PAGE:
Review: An Enemy of the People. Nottingham Playhouse.

An author’s work enters the ‘classic’ pantheon when the themes they address are universal and enduring, and it is only the perspective of time that changes. Hence, Ibsen’s An Enemy of the People continues to engage and unsettle today, almost 140 years after it was first written. It is a story whose themes of power, hypocrisy and the personal versus the public, never felt so relevant and raw.

Adam Penford, taking the bit between his teeth as Director in Nottingham Playhouse’s latest bold offering, relishes every moment of Rebecca Lenkiewicz’s superbly updated play. In engaging the erudite and intense Alex Kingston in the gender-swapped leading role of Dr Stockmann, Penford further emphasises the relevance of the play’s central themes.

To purchase Rebecca Lenkiewicz’s newly updated script in paperback click image above.

The beautifully striking and atmospheric set by Morgan Large creates a feeling of domestic security in the interiors, whilst the towering forests of the Norwegian town dominate the background and hint at darker forces. A grey green palette is used throughout to lend a sense of brooding foreshadowing, with pops of golden tones and red effectively used to great contrast. Along with Tina MacHugh’s restrained but purposeful lighting, an original score by Frans Bak (The Killer and Doctor Foster), Drew Baumohl’s sombre sound design, and a surprising pathetic fallacy in the second act, we are planted firmly somewhere unknown and edgy.

Lenkiewicz’s updated version of the play sets it in ‘modern day’, without any specific political or social references, allowing it to maintain it’s ‘classic’ feel. Her use of spoken language is particularly striking, very natural and well observed. Ideas are addressed head on, and there is little light relief. The central storyline is unaltered. Dr Teresa Stockmann has recently returned to her hometown and established a spa, providing employment in the local community and taking advantage of the local waters. However, once she discovers the waters are actually poisonous, she wastes no time in taking action to ensure the safety of all concerned. She presumes she will be treated as a hero for saving the community from disaster. In fact, she is accused by the town’s mayor, her brother, of threatening the livelihood of the whole town, with dubious ‘facts’. The media lend their politicised angle on the situation and soon the community is fractured.

Alex Kingston is phenomenal as Stockmann, expressing the energy and passion of this woman with great heart and understanding. The arc this character takes from confident, if naïve, scientist to almost myopic, egotist is astonishing, and at every moment, Kingston is mesmerising. Malcolm Sinclair plays Mayor Peter Mattsson, and Stockmann’s brother, and does so with a quiet steeliness that is unnerving. Cold, calculating and in control, Sinclair’s repetitive buttoning up of his jacket, echoes Mattsson’s straight-laced ideas and need for power. Ulrika Hovstad, the local journalist, is determined to use Stockmann’s findings to help bring down the white patriarchy and Emma Pallant portrays this conflicted character with great subtlety and humanity. Amongst a very strong cast, Tim Samuels as the ‘restrained’ Aslaksen, stands out as the ‘ordinary man of the people’, who is actually as Machiavellian as the rest, nicely underplayed and all the more scary for it. Deka Walmsley, as Stockmann’s husband, shows the domestic conflicts that arise in such circumstances, with barely constrained emotion, and gives us a nuanced performance.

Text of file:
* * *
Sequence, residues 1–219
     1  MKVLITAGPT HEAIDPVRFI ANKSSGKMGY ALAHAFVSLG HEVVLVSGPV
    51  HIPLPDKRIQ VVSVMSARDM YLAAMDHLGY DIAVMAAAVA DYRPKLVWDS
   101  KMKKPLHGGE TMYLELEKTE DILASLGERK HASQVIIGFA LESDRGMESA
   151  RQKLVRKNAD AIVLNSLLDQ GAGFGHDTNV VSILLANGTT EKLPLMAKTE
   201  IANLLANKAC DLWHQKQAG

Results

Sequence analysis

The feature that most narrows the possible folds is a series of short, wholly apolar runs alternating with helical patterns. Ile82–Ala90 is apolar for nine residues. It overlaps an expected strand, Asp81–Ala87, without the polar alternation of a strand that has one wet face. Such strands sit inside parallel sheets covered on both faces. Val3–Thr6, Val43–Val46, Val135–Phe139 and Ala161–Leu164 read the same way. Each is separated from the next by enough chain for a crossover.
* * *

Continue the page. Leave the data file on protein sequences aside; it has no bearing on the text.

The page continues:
It is fascinating to observe how the ‘truth’ that Stockmann has uncovered becomes twisted and embellished to suit the agenda of every different force within the town. The timely relevance of this play about whistle-blowers and the corruption of power is clear to see, but to have it exposed, in front of one’s eyes, within the space of a couple of hours, is almost breathtaking. Re-writing the protagonist as a modern day woman already shifts the viewpoint: Stockmann’s role as mother is constantly questioned by those around her, where should her priorities lie? It’s unusual to see a woman’s role so motivated by ego, does her passion make us engage more with her or less?

Penford’s sharp direction, his focus on the characters and their relationships, moves An Enemy of the People beyond a political diatribe and inwards to produce something much more personal and revealing. The play becomes a visceral dissection of the human psyche, and the motivations that are at work in our increasingly politicised and divided world. There is something scarily prescient in Stockmann’s words, ‘We’ll see whether mediocrity can win over genius’.

An Enemy of The People runs until Sat 28th Sept 2019

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